June 15, 2011 will now remain a historical day for Vancouver. And it’s not because our home team played game 7 of the Stanley Cup finals that day; it’s not even because the Vancouver Canucks has failed to clinch the title. It’s because of what happened after.
Unfortunately, while thousands of people chose to do the right thing and leave downtown Vancouver after cheering for the Canucks, many young men and women chose to start a riot, causing millions of dollar in property damage and generating “billion dollars worth of bad publicity“.
For many of us who were glued to our television that night, the images coming out of downtown were devastating. It was mind-boggling how these supposedly hockey fans can damage their own city. At a time like this though, it is important to point out that the majority of Vancouverites did not want the riots. Simply put, true Canucks fans did not wish to cause harm to businesses, individuals, and properties after the game.
In fact, almost immediately after reports of the riots have came out, many Vancouverites started looking for ways to help re-build the city.
One such effort was the Vancouver Post-Riot Clean up. Through the Facebook event, volunteers were mobilized to help clean up downtown Vancouver the day after the riot. The cleanup was so successful that media outlets such as the Globe and Mail have taken notice; the City of Vancouver also released a press release calling the efforts “truly inspiring.”
Downtown Vancouver is relatively back to normal now, but if you’re still looking for ways to help, here are some ideas:
- Help the Vancouver Police Department (VPD) reprimand the hooligans by sending them photos, forwarding any tips, or (anonymously) upload videos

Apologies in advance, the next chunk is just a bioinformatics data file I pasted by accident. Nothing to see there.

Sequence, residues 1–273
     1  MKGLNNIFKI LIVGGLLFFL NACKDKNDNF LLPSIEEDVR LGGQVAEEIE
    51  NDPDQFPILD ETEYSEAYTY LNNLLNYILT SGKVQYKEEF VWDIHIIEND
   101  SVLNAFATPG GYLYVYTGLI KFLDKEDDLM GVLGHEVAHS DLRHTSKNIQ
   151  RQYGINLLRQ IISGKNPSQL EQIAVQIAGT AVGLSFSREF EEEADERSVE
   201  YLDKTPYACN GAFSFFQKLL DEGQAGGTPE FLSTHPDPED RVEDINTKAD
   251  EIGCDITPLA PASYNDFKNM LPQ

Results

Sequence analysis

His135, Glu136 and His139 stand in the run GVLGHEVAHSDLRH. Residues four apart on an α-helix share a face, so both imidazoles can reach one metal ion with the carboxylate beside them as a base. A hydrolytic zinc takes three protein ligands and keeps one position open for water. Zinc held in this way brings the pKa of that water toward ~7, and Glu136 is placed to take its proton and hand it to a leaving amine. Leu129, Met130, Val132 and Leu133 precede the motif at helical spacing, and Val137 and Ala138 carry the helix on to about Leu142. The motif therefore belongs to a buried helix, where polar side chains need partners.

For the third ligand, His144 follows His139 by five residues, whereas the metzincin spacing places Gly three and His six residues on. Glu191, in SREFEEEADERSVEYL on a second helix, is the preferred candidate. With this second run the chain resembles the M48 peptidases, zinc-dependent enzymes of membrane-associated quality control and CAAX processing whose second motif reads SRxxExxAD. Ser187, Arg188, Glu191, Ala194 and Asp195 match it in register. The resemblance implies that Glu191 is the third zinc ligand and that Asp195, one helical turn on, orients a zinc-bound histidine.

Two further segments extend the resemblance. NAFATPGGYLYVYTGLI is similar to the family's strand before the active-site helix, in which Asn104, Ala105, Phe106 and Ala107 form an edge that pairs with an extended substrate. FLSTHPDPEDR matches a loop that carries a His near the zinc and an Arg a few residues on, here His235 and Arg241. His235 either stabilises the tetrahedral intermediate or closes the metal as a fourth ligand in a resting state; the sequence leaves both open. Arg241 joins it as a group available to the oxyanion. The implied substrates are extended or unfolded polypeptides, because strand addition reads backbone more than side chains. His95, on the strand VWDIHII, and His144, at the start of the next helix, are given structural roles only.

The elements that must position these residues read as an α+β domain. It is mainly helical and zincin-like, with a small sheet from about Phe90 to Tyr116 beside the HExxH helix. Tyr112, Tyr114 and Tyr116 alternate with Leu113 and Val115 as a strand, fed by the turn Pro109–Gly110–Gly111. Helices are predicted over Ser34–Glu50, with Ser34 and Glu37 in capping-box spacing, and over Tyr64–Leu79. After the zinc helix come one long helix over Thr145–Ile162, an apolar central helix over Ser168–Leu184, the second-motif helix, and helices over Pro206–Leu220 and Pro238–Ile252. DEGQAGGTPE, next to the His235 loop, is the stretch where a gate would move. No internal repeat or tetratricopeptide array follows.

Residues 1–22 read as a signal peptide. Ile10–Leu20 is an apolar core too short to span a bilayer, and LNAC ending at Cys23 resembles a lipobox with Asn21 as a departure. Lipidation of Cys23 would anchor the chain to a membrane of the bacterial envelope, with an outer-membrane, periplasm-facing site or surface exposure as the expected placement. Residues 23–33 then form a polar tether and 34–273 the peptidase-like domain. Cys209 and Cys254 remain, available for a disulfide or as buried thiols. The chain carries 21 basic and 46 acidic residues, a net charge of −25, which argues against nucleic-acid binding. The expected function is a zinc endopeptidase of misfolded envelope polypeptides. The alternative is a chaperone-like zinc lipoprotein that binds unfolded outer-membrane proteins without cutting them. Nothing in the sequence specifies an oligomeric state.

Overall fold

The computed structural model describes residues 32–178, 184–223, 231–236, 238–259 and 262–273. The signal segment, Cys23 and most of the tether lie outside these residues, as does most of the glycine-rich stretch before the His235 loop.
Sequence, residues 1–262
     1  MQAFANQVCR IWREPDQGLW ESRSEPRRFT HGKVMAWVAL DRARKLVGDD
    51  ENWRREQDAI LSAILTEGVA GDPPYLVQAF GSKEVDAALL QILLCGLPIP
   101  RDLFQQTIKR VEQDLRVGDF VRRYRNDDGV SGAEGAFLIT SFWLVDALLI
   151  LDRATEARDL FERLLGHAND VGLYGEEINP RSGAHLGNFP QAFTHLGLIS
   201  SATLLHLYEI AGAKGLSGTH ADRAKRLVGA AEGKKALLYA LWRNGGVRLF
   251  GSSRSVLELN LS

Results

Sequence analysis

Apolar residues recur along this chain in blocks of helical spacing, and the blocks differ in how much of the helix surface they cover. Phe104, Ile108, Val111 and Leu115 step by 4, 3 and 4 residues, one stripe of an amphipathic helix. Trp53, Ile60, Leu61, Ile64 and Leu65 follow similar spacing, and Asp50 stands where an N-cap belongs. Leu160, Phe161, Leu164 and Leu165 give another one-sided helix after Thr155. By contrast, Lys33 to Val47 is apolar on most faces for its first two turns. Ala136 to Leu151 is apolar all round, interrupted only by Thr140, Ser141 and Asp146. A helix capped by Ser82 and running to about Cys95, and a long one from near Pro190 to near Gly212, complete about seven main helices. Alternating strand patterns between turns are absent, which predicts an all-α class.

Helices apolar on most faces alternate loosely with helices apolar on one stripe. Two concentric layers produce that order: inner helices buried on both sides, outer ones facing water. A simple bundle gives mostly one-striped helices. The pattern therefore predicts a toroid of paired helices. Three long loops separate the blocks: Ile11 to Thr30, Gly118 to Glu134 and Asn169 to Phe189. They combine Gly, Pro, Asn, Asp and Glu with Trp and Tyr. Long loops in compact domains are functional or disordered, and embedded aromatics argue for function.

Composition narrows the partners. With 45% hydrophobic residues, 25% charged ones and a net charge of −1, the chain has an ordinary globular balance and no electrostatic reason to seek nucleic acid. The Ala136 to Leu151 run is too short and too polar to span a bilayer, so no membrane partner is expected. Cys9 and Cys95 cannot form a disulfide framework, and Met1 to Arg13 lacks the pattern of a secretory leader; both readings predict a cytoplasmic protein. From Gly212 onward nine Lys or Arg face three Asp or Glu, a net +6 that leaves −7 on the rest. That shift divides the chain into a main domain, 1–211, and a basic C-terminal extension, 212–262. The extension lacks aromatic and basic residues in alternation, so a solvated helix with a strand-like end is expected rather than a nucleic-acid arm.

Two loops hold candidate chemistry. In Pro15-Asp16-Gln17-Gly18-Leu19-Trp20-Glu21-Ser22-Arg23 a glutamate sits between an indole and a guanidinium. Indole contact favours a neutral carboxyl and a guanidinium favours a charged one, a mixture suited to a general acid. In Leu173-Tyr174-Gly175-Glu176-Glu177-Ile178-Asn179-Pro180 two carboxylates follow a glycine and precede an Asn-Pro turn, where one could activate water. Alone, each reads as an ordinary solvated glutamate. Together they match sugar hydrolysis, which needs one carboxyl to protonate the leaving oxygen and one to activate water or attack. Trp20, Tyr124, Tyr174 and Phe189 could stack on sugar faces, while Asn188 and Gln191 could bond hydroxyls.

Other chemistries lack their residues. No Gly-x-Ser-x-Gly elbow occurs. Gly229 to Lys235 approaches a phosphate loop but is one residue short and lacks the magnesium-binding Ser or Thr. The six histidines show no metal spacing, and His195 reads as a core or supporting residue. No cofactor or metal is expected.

- Contact Crime Stoppers to submit a tip anonymously about the riots
- Consider supporting the affected businesses to help them recover from the damages caused by the riots
- Visit and leave a message on the “Wall of Love” outside the Bay on Georgia (You can also sign a petition to keep the wall.)
- Let the world know how much you love Vancouver by using the hashtag #thisismyvancouver on Twitter
By the way, while there is a Facebook page and a Tumblr blog set up where people can upload images and videos of the rioters, I encourage you to think twice before posting there. Alexandra Samuel, in a Harvard Business Review article, made a good argument against citizen surveillance. Personally, the article made me think twice about those Facebook and Tumblr pages. I encourage you to please contact VPD directly instead; it’s safer, and (in my view) more ethical.
June 15, 2011 — this date forever leaves a black mark to our wonderful city. Our city may have been knocked down, but through volunteerism, we’re showing the world what we’re truly made of. This date will be part of our history, but how Vancouverites responded to the riots will be what defines us.
Photo: kris krüg (Flickr)